Calvinism and Religious Toleration in the Dutch Golden Age

By R. Po-Chia Hsia; Henk Van Nierop | Go to book overview

2
'Dutch' religious tolerance: celebration
and revision
Benjamin J. Kaplan

When foreigners visit the Netherlands today, certain items seem invariably to stand on their touristic agenda: the Rijksmuseum, Anne Frank's house, a boat ride through the canals. One of the more remarkable items is a walk through Amsterdam's red light district, where, on a typical summer evening, in addition to the clientele, thousands of foreigners throng – men, women, couples, even families. Such districts are not usually on the itinerary of respectable tourists, but in Amsterdam a promenade there serves a purpose: foreigners are invited to wonder at the tolerance – or, if you prefer, permissiveness – that prevails in the Netherlands. In the same district but during the daytime, the Amstelkring Museum extends essentially the same invitation. The museum preserves Our Lord in the Attic, one of the roughly twenty Catholic schuilkerken, or clandestine churches, that operated in Amsterdam in the latter half of the seventeenth century. Nestled within the top floors of a large but unremarkable house named The Hart, Our Lord does not betray its existence to the casual passer-by – it has no tower, no stained-glass windows, no crosses on the outside – and, but for the museum banner that hangs today on the building's front façade, one could easily pass by it unawares. In its day, though, its existence was an open secret, like that of the other schuilkerken. Its discreet architecture fooled no one, but did help to reconcile the formal illegality of Catholic worship with its actual prevalence. Today, the museum's guidebook (English version) presents the church as 'a token of the liberalism of the mercantile Dutch in an age of intolerance'.1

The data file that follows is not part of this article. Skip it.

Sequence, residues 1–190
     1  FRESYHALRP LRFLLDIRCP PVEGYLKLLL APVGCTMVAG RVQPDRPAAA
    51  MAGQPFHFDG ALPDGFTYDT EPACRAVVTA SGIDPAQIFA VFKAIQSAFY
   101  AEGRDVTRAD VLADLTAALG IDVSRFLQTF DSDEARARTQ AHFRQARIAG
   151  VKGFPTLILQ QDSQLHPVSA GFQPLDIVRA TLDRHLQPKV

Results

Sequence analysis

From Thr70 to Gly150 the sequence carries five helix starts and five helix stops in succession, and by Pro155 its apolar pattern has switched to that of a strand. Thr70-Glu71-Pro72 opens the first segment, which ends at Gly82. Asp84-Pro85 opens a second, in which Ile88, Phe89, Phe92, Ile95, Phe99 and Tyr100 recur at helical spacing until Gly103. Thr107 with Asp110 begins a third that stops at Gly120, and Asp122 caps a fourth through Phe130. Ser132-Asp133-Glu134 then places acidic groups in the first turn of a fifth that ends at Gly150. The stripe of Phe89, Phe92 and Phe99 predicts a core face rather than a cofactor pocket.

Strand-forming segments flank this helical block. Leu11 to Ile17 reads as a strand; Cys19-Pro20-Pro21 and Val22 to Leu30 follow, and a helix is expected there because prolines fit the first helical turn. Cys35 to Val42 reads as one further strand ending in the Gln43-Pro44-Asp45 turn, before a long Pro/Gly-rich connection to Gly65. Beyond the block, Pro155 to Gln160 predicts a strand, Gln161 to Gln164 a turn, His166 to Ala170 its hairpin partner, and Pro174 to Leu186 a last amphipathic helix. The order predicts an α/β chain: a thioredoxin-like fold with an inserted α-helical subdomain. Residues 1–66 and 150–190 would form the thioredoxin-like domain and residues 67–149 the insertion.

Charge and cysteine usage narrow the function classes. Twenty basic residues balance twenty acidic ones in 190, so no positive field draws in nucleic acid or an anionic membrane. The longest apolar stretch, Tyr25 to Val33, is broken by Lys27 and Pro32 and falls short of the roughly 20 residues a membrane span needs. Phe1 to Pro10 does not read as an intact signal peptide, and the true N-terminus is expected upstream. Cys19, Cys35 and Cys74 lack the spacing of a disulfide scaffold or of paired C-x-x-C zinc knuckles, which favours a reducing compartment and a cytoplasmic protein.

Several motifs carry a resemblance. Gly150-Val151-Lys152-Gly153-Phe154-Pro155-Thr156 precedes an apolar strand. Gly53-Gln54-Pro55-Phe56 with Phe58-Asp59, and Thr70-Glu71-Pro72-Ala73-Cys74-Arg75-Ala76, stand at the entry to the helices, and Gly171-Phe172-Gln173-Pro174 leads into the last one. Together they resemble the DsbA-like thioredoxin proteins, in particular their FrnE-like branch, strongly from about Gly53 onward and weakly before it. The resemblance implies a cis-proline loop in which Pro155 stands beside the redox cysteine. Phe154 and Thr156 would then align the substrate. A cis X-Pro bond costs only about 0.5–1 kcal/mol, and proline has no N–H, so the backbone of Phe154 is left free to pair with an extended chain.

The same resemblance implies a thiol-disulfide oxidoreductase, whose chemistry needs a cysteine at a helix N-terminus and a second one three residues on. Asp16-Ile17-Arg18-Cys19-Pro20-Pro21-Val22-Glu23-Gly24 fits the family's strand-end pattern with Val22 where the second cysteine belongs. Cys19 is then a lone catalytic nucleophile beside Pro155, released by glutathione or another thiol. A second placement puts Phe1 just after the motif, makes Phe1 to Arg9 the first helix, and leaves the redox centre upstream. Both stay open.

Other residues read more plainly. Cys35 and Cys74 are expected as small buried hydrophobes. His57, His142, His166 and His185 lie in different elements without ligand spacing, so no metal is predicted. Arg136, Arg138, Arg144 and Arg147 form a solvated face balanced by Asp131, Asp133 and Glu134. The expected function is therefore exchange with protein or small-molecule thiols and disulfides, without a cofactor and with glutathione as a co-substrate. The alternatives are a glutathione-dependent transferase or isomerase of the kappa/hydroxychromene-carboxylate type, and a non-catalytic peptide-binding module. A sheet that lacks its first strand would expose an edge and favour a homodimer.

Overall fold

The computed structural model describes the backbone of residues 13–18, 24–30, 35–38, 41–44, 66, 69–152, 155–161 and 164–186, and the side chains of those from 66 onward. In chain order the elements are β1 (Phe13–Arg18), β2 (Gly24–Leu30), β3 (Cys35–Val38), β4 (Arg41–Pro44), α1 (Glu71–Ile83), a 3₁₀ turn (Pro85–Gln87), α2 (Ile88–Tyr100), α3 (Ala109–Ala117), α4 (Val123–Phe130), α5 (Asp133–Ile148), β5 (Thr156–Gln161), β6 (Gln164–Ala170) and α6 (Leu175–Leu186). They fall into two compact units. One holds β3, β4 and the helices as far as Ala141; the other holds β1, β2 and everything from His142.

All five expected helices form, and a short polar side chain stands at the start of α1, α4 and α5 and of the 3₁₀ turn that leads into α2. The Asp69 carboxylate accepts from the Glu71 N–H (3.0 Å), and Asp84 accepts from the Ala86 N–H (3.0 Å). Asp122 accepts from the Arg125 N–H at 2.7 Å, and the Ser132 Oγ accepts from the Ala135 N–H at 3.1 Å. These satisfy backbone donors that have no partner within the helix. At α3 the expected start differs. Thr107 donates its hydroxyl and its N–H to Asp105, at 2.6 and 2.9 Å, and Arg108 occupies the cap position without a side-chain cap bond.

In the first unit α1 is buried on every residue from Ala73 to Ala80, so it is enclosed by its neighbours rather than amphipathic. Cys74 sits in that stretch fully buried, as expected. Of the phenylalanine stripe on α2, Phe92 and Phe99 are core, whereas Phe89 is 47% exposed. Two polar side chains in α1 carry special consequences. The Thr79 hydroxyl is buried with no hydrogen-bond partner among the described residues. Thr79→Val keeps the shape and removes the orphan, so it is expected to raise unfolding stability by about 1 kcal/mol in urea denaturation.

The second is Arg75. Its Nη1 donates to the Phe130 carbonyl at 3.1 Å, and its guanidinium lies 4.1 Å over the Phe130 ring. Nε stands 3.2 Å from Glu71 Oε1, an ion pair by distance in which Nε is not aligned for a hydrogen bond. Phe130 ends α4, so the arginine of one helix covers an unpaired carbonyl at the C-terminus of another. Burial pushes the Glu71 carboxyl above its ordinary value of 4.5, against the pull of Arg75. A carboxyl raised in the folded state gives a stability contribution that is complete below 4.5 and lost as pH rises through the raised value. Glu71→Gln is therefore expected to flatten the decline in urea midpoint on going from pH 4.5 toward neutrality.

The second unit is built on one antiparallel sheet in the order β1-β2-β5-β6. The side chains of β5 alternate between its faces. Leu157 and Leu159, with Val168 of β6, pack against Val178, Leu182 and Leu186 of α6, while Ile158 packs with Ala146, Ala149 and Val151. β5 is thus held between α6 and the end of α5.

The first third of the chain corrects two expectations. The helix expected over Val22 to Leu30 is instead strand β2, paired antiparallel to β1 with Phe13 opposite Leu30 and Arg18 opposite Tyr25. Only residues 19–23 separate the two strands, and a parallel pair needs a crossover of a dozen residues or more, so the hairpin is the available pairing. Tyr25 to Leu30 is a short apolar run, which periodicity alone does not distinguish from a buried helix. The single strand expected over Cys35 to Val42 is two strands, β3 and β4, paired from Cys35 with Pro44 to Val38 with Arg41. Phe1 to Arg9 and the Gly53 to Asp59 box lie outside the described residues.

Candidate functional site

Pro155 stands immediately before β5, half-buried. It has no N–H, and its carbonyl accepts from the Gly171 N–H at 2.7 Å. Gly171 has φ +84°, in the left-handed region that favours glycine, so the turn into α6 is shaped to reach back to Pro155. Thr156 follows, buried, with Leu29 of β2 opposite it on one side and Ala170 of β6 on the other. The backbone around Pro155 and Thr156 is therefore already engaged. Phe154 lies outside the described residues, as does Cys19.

Around the world, Dutch society is famous for its tolerance, which extends to drug use, alternate lifestyles, and other matters about which most industrial lands feel a deep ambivalence. But whence comes that tolerance, that 'liberalism'? The guidebook hints at two answers. One is that tolerance promotes commerce and thus is profitable; the other is that the Dutch are simply a 'liberal', that is, tolerant, people. Tolerance is represented as smart economics, but also as a national trait – a virtue

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1
Amstelkring Museum: Our Lord in the Attic (n.p., 1970), first page.

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